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Wellness

Why Our Loved Ones Don’t Talk About Their Pain

We might want to talk about our feelings and what’s upsetting to us, but not about our own pain.

Talking over pain and what it could be is one of the most common ways our loved ones try to cover the fact that we might be having difficulties (or, in the case of the pain sufferer having a hard time finding the right words to describe the pain). As it is, there is a taboo for our loved ones in talking about a loved one’s pain.

We have a tendency to think that talking is the opposite of the pain, as if talking was pain-free. But of course, talking isn’t pain-free: it’s a normal part of our relationships. For instance, we talk with our mother after every bad dream so that we don’t wake up crying again. We take our loved ones to the supermarket and show them how everything tastes and where it comes from. We talk to doctors and ask their advice. We talk to our teachers about our studies and about how the school is going. We discuss topics with our friends, to make sure they’re doing well. We talk about our emotions, even if we are feeling them. Sometimes we try to talk to our loved ones without crying or soothe ourselves. We just have to open up and trust them to know what’s going on, to be there. And sometimes we talk too much, thinking that if we don’t talk much we’ll stop hurting. Sadly, this doesn’t usually happen, and our feelings of discomfort and hurt usually increase again.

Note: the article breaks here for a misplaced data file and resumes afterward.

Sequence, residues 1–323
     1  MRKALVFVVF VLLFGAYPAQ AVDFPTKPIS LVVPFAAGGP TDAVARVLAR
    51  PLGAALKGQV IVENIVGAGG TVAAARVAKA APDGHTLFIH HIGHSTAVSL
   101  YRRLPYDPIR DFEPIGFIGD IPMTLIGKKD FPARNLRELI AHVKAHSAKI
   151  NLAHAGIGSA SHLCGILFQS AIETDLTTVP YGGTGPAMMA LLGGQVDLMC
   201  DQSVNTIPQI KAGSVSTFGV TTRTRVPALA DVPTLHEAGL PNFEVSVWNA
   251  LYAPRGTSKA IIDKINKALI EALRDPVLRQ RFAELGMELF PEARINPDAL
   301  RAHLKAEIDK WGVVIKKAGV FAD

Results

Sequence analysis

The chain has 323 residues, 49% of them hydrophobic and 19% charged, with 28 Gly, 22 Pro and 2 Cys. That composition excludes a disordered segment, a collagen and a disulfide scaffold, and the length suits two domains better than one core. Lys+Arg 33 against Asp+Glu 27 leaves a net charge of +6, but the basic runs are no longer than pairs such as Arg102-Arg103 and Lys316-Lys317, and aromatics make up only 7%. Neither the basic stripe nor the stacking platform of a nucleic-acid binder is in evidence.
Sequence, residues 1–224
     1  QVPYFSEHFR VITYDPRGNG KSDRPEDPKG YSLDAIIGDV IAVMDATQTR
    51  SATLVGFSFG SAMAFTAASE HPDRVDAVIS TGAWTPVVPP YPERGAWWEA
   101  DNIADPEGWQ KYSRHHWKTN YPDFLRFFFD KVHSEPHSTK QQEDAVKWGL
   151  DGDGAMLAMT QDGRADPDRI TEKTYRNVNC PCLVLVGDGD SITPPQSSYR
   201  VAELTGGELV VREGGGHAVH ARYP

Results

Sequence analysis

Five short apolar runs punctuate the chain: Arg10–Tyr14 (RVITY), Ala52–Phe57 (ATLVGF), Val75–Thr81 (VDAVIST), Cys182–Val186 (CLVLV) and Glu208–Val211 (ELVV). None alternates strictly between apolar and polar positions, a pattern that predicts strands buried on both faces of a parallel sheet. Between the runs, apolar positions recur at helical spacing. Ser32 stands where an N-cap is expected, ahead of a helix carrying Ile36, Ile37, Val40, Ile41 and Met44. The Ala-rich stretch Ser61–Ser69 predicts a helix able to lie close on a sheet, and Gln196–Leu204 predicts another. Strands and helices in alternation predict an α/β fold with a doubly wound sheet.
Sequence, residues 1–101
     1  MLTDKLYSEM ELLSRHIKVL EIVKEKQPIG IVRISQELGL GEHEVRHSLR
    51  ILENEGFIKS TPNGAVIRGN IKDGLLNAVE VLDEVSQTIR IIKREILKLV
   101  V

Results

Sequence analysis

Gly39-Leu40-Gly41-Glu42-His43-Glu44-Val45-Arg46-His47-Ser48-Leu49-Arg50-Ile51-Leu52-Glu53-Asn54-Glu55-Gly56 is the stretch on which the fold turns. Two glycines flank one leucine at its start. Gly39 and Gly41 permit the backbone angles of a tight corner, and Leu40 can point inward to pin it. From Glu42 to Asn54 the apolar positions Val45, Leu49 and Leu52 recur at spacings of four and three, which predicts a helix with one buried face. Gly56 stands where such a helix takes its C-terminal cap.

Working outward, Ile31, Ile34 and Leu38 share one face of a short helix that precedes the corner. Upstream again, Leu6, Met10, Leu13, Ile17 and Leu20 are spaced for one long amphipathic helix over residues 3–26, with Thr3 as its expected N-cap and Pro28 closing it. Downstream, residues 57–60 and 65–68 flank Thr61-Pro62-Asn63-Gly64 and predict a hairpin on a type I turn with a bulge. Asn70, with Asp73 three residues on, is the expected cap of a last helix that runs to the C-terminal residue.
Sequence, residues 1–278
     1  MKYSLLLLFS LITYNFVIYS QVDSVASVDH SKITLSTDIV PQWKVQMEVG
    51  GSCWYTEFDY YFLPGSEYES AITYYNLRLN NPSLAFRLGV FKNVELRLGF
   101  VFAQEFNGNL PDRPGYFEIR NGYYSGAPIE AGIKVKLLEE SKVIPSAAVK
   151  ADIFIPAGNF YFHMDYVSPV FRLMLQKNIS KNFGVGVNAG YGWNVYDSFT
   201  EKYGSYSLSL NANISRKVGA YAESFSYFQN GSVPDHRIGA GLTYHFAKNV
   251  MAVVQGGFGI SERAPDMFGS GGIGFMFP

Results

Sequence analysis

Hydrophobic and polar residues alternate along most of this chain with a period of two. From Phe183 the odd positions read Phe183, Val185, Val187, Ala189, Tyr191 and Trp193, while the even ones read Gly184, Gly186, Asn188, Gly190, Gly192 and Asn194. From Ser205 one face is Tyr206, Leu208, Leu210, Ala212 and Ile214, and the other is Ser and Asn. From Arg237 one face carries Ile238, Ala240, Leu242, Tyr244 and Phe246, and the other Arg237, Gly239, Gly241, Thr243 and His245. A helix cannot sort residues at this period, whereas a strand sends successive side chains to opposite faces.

So, how is it that we still cannot talk about our pain? Well, most of us tend to avoid crying or soothe ourselves when we feel angry or hurt. We think we’re trying to hide something that makes us sad. We think we don’t want to make our loved ones upset when we cry. Or, we don’t want our loved ones to feel uncomfortable and have to talk to someone about the pain. So we pretend we don’t feel anything. But often we really do feel something very deep inside, and it hurts like hell when someone tries to convince us we don’t. Even if we don’t talk about it, our feelings will inevitably make us feel better; like nothing’s wrong.

And this is where speaking about pain might help us to heal. If we have some pain, then it gets better when someone says something that helps us to understand, like ‘what’s wrong with you?’. This way we are less afraid that talking about the pain will hurt our friends, parents, partners or lovers. If we don’t know what’s going on, talking about it will just feel like the right thing to do. When we talk about our pain, we do not feel we are trying to hide anything; we feel we are sharing what’s not working with the people who care about us. And since talking is a normal part of our family relationships, we stop hurting. And sometimes the pain, or, the lack of pain for that matter, just disappears for a while, and we’ll forget about it.